I think we are all different. each one of us unique and connected. sometimes a difficult concept to grasp. I understand about feeling seperate~different.

I feel a closeness to you on your journey.

Thank you for sharing yourself here.


9:57 PM, September 23, 2007  
Blogger Earnest and Game: Heather said...

Cheers hurrah and hugs to letting go, relaxing, and just letting it flow. And what else have you been up to? Missing you. Talk soon. Xooxoxo, Heather

12:56 PM, September 24, 2007  
Blogger Left-handed Trees... said...

Rather than "a-ha", I had a "ha-ha" moment reading this post today because I just picked up this very book yesterday and am looking forward to "falling into it" myself once I've finished the STACKS of grading I have to complete by tomorrow. I could completely relate to what you wrote here today...

1:33 PM, September 24, 2007  
Blogger Mardougrrl said...

Frida: I was thinking about that old saying too, as I wrote this--I like that May Sarton quote, and I agree with her.

Amber: That's one of the things I love about writers' diaries...we're all the SAME, regardless of our level of talent. That's very comforting.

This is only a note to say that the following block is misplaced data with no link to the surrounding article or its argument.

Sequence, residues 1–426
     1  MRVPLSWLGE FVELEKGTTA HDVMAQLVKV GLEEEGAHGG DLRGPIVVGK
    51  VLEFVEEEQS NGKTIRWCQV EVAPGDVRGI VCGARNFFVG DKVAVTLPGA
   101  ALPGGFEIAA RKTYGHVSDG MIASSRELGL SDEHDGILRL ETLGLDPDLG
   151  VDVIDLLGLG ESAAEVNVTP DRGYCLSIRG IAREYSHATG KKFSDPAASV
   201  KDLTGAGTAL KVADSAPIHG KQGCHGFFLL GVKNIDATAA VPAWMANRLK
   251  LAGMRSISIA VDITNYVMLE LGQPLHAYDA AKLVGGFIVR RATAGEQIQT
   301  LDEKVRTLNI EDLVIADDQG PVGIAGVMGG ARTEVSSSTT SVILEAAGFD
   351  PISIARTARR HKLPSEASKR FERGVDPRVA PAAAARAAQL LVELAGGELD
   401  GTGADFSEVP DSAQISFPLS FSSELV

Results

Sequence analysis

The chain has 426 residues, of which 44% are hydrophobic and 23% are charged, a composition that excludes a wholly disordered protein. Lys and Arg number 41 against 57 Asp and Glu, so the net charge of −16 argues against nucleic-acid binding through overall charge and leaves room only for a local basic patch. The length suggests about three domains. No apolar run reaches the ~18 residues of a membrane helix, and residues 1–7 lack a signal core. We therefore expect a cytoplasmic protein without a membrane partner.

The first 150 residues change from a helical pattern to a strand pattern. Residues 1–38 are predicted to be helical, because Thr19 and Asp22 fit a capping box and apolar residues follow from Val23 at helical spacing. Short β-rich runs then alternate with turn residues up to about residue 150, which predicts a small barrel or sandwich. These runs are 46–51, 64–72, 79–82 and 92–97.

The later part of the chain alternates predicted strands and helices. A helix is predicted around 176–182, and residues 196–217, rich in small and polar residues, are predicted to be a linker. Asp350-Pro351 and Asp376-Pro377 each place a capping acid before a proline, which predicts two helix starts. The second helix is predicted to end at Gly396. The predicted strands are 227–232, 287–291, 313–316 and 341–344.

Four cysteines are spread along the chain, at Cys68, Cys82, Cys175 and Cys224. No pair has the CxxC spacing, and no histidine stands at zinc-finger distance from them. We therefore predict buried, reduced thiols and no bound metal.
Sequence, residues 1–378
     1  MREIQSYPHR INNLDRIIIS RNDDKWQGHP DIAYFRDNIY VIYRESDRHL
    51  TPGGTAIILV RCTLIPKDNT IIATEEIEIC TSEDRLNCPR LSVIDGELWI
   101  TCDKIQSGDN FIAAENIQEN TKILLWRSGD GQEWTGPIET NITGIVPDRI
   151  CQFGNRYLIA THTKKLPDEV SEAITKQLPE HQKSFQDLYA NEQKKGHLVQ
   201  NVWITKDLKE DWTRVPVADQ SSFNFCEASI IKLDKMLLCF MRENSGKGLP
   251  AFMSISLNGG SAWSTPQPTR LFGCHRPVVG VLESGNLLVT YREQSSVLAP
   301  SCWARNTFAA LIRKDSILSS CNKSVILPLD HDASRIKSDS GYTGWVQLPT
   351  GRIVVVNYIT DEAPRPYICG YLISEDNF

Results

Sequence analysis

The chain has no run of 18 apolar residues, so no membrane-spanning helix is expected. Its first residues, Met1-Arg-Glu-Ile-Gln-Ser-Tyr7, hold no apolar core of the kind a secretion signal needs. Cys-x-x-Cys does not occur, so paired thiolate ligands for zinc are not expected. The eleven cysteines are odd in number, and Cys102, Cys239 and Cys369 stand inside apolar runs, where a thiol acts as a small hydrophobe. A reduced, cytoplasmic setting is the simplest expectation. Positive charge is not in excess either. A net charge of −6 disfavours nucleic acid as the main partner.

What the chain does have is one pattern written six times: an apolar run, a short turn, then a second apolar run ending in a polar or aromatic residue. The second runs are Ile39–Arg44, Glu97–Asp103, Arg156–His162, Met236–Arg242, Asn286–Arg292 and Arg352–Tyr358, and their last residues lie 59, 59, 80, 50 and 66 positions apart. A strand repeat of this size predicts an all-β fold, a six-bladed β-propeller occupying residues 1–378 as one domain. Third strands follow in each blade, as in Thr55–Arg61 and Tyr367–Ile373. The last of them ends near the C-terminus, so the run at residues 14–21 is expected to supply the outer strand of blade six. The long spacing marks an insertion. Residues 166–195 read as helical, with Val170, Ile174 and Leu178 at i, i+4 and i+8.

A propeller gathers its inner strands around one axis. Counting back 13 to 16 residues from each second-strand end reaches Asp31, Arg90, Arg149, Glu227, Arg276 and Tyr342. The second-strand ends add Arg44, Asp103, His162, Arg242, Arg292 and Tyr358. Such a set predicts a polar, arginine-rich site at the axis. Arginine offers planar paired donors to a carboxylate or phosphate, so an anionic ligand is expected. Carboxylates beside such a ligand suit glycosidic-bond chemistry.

Laini: YES, imposter syndrome...that's it, exactly. And, if YOU are not a real writer, then we shuld all pack up and go home! ;)

Lisa: And I feel the same way about your blog...I always feel like I'm getting my unofficial MFA over there.

Jo: I can't wait to start Mrs. Dalloway. I'm nervous, I am going on a date!

Melba: Wow...I think I need to think about that some more. It feels INTUITIVELY right. And your journey always inspires me.

Heather: Miss you too...and up to...well, fall, I guess. :)

Delia: Ooh, I hope you blog about the book...I would love to know what you think of it. I really enjoyed it!

4:31 PM, September 25, 2007  
Blogger deirdre said...

"in order to move into a life that I actually WANT to live, I have to stammer out all of my wrong words" - For those of us who want to get it right the first time this is such a difficult task, to accept that it may not come out right, but it should be said anyway.

10:07 PM, October 10, 2007  
Anonymous Marilyn said...

I always wonder what kind of lofty standards reside in your mind (and soul) when you can say things like your blog posts aren't eloquent. I can only think that when you finally write that which will satisfy YOU, the sheer brilliance of it will probably sear the eyeballs off of lesser mortals like me...and I mean that (sincerely) in the best, most affectionate way. :) xoxo

3:58 PM, October 20, 2007